What is an anxiety disorder? Although anxiety in and of itself is a normal reaction to everyday stress and is actually useful in assisting us in avoiding dangerous situations, it can become an overwhelming feeling of doom. Anxiety can vary in severity and can range from a mild uneasiness to a full-blown panic attack. People with anxiety disorders have excessive levels of anxiety that significantly interfere with day-to-day living.*( Mental Health First Aid Canada, http://www.menthalhealthcommission.ca)
Anxiety disorder is more severe or intense, is long lasting, interferes with the person’s ability to function and occurs when a person is not in a state of danger. The impact of anxiety is often underestimated and not recognized or fully understood. It can start at any age, but often begins with ‘shy’ children and teens or in early adulthood. There can be emotional triggers for anxiety such as a death of a loved one or a traumatic event.
In an environment where there are high levels of stress, an anxiety disorder can often become debilitating. Support, encouragement and understanding can go a long way for someone dealing with her emotions.
I’ve worked with young people who suffer from anxiety and it engulfs the person completely. They feel overwhelmed, unable to complete the simplest task and often have difficulty breathing. They have fears they are going ‘mad’ and are unable to concentrate. I know when my daughter realized she was dealing with anxiety, she told me she knew what she was feeling was irrational, but she was unable to stop it. The feeling came upon her without warning and it embodied her so completely, she felt helpless in staving off its effects. Her biggest coping mechanism at the time was retreating from the situation and hiding.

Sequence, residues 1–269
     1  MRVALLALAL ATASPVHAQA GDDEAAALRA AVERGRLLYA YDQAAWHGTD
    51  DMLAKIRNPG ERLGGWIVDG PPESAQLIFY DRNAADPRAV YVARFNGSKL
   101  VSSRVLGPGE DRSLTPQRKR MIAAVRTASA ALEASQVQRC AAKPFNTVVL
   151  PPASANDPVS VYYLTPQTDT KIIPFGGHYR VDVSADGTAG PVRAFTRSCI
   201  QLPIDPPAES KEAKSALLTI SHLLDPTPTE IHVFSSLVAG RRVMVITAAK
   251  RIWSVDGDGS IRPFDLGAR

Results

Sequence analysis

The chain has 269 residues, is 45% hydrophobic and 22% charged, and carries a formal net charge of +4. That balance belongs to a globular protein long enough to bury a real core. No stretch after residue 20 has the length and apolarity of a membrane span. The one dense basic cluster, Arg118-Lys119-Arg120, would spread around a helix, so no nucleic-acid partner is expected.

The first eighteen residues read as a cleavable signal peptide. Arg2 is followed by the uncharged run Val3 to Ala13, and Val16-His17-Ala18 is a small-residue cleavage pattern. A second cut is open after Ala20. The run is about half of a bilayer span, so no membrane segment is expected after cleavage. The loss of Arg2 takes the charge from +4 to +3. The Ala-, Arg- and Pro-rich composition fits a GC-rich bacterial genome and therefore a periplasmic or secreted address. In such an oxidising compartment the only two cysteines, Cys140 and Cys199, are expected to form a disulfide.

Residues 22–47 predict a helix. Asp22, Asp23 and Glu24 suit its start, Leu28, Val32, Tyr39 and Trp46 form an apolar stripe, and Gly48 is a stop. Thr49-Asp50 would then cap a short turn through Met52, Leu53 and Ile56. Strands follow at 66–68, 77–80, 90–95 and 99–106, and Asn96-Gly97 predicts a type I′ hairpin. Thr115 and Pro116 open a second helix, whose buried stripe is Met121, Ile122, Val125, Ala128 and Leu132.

There are many types of Anxiety Disorders that I will list here, but you can find further information regarding them here at www.cmba.ca (Canadian Mental Health Association). They are: Generalized Anxiety Disorder, Panic Attack, Agoraphobia (the fear of having a panic attack in a situation where help may not be available and where the person may become embarrassed or escape is difficult), Panic Disorder with or without Agoraphobia, Specific Phobia Disorder, Social Anxiety Disorder (Social Phobia) Obsessive-Compulsive disorder (OCD) Acute Stress Disorder and Post-Traumatic Stress Disorder (PTSD).
Here are a few tips on dealing with someone having a panic attack. The attack itself is not only scary for the person having one, but also for the person(s) witnessing it. It’s hard to tell the difference between a panic attack and a heart attack as many of the signs and symptoms are the same. They include: shortness of breath, intense fear, palpitations, sweating, trembling, chest pain or discomfort, nausea, dizziness, fear of dying and numbness. Always error on the side of caution even if the person has a history of panic attacks and call 911. While you are waiting for emergency services, here are some points:
*move the person to a quieter, private location and have her sit down
* Encourage slow, relaxed breathing in unison with your own
* Be a good listener, without judging. Remain calm
* Explain to the person she MAY be having a panic attack and not something life threatening.
* Assure the person that someone will stay with her to keep her safe until the attack stops or medical help arrives.
Reaching out and staying positive are always good best practices when dealing with someone who is experiencing stress. Knowledge, awareness and compassion humanize the experience and maintains an atmosphere of calmness. Thanks for reading.
Some resources: www.mentalhealthcommission.ca
www.cmha.ca (Canadian Mental Health Association)
www.who.int/en (the World Health Organization, look in ‘Health Topics’ under ‘M’ for Mental Health and Mental Disorders)
And for my American friends:
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